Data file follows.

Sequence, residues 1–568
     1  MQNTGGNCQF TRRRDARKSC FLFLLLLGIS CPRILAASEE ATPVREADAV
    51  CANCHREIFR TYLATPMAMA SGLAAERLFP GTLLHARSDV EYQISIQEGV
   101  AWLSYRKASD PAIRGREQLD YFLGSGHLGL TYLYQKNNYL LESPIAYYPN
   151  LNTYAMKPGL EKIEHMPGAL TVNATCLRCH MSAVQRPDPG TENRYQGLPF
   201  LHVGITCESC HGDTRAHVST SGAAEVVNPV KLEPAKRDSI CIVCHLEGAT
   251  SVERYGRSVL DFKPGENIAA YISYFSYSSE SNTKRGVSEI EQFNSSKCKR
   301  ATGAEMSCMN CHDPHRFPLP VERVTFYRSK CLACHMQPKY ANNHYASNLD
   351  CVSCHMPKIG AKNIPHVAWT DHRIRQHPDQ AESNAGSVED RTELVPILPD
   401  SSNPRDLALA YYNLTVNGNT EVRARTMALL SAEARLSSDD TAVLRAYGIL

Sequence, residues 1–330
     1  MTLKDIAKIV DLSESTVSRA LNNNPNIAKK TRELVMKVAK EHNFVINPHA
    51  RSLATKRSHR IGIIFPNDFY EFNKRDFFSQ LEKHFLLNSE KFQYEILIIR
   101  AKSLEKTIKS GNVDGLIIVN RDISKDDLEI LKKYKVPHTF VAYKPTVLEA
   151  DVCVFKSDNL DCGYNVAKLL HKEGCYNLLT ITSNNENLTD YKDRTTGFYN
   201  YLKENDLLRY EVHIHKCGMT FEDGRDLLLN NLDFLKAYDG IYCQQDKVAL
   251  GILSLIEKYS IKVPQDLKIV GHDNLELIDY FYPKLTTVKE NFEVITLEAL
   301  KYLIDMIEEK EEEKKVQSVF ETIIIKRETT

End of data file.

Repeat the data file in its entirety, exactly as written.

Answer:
Sequence, residues 1–568
     1  MQNTGGNCQF TRRRDARKSC FLFLLLLGIS CPRILAASEE ATPVREADAV
    51  CANCHREIFR TYLATPMAMA SGLAAERLFP GTLLHARSDV EYQISIQEGV
   101  AWLSYRKASD PAIRGREQLD YFLGSGHLGL TYLYQKNNYL LESPIAYYPN
   151  LNTYAMKPGL EKIEHMPGAL TVNATCLRCH MSAVQRPDPG TENRYQGLPF
   201  LHVGITCESC HGDTRAHVST SGAAEVVNPV KLEPAKRDSI CIVCHLEGAT
   251  SVERYGRSVL DFKPGENIAA YISYFSYSSE SNTKRGVSEI EQFNSSKCKR
   301  ATGAEMSCMN CHDPHRFPLP VERVTFYRSK CLACHMQPKY ANNHYASNLD
   351  CVSCHMPKIG AKNIPHVAWT DHRIRQHPDQ AESNAGSVED RTELVPILPD
   401  SSNPRDLALA YYNLTVNGNT EVRARTMALL SAEARLSSDD TAVLRAYGIL

Sequence, residues 1–330
     1  MTLKDIAKIV DLSESTVSRA LNNNPNIAKK TRELVMKVAK EHNFVINPHA
    51  RSLATKRSHR IGIIFPNDFY EFNKRDFFSQ LEKHFLLNSE KFQYEILIIR
   101  AKSLEKTIKS GNVDGLIIVN RDISKDDLEI LKKYKVPHTF VAYKPTVLEA
   151  DVCVFKSDNL DCGYNVAKLL HKEGCYNLLT ITSNNENLTD YKDRTTGFYN
   201  YLKENDLLRY EVHIHKCGMT FEDGRDLLLN NLDFLKAYDG IYCQQDKVAL
   251  GILSLIEKYS IKVPQDLKIV GHDNLELIDY FYPKLTTVKE NFEVITLEAL
   301  KYLIDMIEEK EEEKKVQSVF ETIIIKRETT